As businesses struggle to survive and reduce costs in the midst of the COVID-19 crisis, many of them are modifying employee compensation systems by increasing the performance-related variable portion. Increasing the variable component may lead to cost savings for corporations, but in the short term, it may increase volatility in terms of cash flow for employees. Where the variable factor is related to the output of the employer’s companies, the uncertainty may be more significant.
Around 24% of companies said they are preparing to shift their pay composition, tilting it more towards variable pay, according to the 2020 Workforce and Increment Trends survey conducted by Deloitte Touche Tohmatsu India, which took into consideration 350 companies across 25 sub-sectors.
ITeS and life sciences are among sectors that gave higher increments to their workers, but the average increase is about 7% here too. The lowest hikes of around 2% were declared by companies in the services and manufacturing sectors, which were severely affected by the lockdown.
The average wage increase rate has also fallen since 2018. Nine out of 10 employers plan to retain or decrease the long-term salary escalation rate. For example, the salary growth in the service science sector has fallen from 8.3% in 2018 to 6.7% in 2020. The high inflation rate of 3.5%-4% is one of the reasons for this, making it difficult to explain the 10% increases provided in the previous years.
Nearly 90% of the businesses surveyed said they were considering a review of compensation plans in favour of higher components of variable pay. Organisations have not held back on incentives though increments have taken a hit. Seven out of 10 employers paid bonuses according to the employee’s results in the previous year.
This year, the number of promotions has also decreased: from 7.5% of workers receiving promotions in 2019, around 5.4% of employees were promoted this year. Some organisations are looking for a quarterly or bi-annual basis for adjusting the evaluation period.
Suspending leave encashment, reducing budgets for award ceremonies, off-sites and other annual activities, bringing services online, and conducting research to determine efficiency and optimisation of human resources are other ways in which businesses are minimising their employee expenses.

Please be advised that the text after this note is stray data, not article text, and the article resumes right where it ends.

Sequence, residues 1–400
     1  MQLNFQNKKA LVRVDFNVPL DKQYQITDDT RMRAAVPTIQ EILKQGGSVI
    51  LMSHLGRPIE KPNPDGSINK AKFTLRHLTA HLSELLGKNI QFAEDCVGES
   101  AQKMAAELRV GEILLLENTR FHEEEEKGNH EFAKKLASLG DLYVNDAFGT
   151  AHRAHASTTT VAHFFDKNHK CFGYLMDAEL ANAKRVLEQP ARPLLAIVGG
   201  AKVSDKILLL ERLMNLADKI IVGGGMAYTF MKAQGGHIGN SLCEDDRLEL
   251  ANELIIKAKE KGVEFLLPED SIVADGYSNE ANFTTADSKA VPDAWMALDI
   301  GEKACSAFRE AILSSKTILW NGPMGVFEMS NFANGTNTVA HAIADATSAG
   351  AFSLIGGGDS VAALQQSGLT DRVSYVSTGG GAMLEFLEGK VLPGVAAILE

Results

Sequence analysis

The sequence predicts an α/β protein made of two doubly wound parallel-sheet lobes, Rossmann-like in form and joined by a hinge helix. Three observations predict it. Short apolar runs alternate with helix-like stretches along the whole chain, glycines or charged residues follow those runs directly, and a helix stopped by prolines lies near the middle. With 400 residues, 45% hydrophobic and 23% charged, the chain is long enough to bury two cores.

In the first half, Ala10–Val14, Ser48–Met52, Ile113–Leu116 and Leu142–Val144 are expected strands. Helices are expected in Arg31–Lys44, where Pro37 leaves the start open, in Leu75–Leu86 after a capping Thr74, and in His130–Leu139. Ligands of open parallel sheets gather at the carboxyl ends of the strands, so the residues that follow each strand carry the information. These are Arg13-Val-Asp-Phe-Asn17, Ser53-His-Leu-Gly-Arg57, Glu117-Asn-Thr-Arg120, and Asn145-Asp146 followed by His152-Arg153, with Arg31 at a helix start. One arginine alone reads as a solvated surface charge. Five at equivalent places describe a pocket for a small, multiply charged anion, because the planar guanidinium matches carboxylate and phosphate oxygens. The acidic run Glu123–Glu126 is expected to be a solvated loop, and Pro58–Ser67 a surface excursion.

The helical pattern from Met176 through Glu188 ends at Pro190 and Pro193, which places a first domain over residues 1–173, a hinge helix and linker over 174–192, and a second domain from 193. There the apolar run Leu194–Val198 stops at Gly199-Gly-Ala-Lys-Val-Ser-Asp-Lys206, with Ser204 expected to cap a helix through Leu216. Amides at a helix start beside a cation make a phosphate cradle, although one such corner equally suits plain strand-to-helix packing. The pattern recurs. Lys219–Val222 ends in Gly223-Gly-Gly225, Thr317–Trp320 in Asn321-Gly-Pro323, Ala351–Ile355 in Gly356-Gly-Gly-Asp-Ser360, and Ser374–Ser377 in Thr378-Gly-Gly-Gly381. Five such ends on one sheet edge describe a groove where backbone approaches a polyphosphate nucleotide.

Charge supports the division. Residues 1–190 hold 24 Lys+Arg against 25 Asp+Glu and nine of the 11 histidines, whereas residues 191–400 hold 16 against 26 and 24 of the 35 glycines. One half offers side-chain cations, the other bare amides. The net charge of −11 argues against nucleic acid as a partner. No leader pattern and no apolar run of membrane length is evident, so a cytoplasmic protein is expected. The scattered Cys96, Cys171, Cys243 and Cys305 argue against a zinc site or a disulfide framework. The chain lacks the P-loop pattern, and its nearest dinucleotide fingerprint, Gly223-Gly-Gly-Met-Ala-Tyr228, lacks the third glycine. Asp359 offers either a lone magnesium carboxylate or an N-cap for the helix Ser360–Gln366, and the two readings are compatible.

Experts agree that employees at the level of senior management are likely to be more impacted because their wages are typically related to the success of companies. The higher the function, the greater the variable component percentage. Although workers are accustomed to these newer wage systems in the long run, this creates a feeling of ‘pay loss’ among individuals in the short term.
However, the basic pay is not altered by most firms. Retirement benefits such as the Employees’ Provident Fund and gratuity are affected by any adjustment in the basic salary. There is no effect on retirement benefits by the variable pay since these are usually measured as a percentage of basic wages and businesses would probably never touch that.
Industry sources told CNBC-TV18 that the workers were opposed to any attempts to lay off workers in the hospitality sector by invoking their existing privileges. 20 control rooms have been set up by the Ministry of Labour and Employment to address workers’ wage-related grievances. Legal experts point out that any alteration in the conditions of employment can be construed as an offence during such periods.